What might Wendell Berry mean by the ‘genius of place’ as a starting point for a measure of economy? To begin, there is a literary tradition around the Latin phrase ‘genius loci’ and Alexander Pope, the early 18th century British poet penned the line “Consult the genius of place in all…” in his Epistle IV, to Richard Boyle, Earl of Burlington. The indication here is that there is something of a character or being of place that plays a role, if one is open to it, in determining what happens in that place. One one hand, this may not reconcile with those who hold that nature is no more that physical substances that we can measure and weigh, or that man’s purpose and right is the control of nature. On the other hand, I would like to suggest that nature is full of life forces, a culture so to speak, that we are part of—we are within it as participant, not outside it as onlooker. We are in no way separate from the air we breathe, or water we drink. The logical extension of the participant stream would be to say that as we use up our natural resources we are also using ourselves up. As bizarre as this may sound, this is one way to grasp the phenomena of our current ecological condition.So what is the character of the culture or spirit of place of which we are a part? And, how might we know it? This character is woven of many threads each of which is a study unto itself. Place has geology, latitude and longitude, pre-historic and natural history, anthropology, ecology, natural resources, energetic or magnetic properties, meteorology, and other threads that in constellation identify a place’s particularity. Without looking at the tapestry woven of these threads, it is difficult to understand the economy of place. Place is in a many ways a permeably-bounded system and the economy within it is something of the interweaving or circulatory life force of materials and service in support of human endeavor that percolate within it. Place looks different, deeper and more compelling when considered as an exercise in phenomenology. The boundaries remain permeable because excess production or population move beyond current boundaries, and new ideas, people, and needs flow in.This approach to a picture forming, or phenomenological, process is a useful tool in understanding a place-based economy. For example, one could surmise that at its birth all economic life was place-based. Even though hunters may have traveled far to gather food, their purpose was to return home with it. Beginning in 15th century Europe, with the evolution of ever more efficient transport, sophisticated weapons, and the development of mercantilism, the dominant cultures who created them also possessed the wealth to procure and a taste for that which was foreign and not place-based at all—whether Africans to sell into slavery or spices from the “Spice Islands.” In some ways the drive to accumulate capital, and thus political and cultural power, devalued the sense of local and regional and, even, human identity. The dislocations and ruptures of the colonial project spelled the near end of place-based economies and the wisdom that was indigenous to them. The pace of this transformation accelerated even more with the emergence of the global marketplace following World War II. Long-sustaining village economies were subverted to produce for the world market. This conversion left (and is still leaving) local famine, poverty, and illness in the wake of global profiteering. Indonesia is a prime example. Nutritious red rice varieties were sacrificed for the more aesthetic but less nourishing exportable version of white rice.This is a painful and oft replicated economic story to retell, and re-awakening local or regional economies could feel like a wish to return to pre-colonial days. It is not. Instead, it is a plea to exercise our capacity to reconnect with place and its economy, to produce locally and regionally where possible, to recreate regional communication media as information exchange, to know place anew even if it is not as healthy, stable, or friendly as we might like.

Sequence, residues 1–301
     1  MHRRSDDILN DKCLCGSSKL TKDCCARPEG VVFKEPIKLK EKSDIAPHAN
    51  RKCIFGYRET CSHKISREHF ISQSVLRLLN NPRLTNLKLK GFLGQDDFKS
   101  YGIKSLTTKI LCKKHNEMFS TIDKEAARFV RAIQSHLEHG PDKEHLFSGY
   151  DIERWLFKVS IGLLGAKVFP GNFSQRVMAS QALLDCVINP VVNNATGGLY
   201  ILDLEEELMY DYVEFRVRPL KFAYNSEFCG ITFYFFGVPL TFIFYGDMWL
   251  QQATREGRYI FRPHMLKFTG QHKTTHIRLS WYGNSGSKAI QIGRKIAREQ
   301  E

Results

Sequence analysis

What is needed is re-cultivation of human wisdom connected to and within the breadth of nature. One of the greatest challenges is human encounter; interest in the other is not much celebrated these days. That wisdom will be a guide and measure (in Wendell Berry’s term) to an economy of place, whether one’s vocation requires working in agriculture or civiculture. The natural consequence of a deep understanding of place is an awareness of living consciously within the reciprocity and interdependence of a healthy, life-supporting, and enlivening economic life. We become where we are when we know our place in it.

John Bloom
© 2009

*Wright Morris, The Home Place, (University of Nebraska Press: Lincoln, 1970, pp. 75-76. First published, 1948)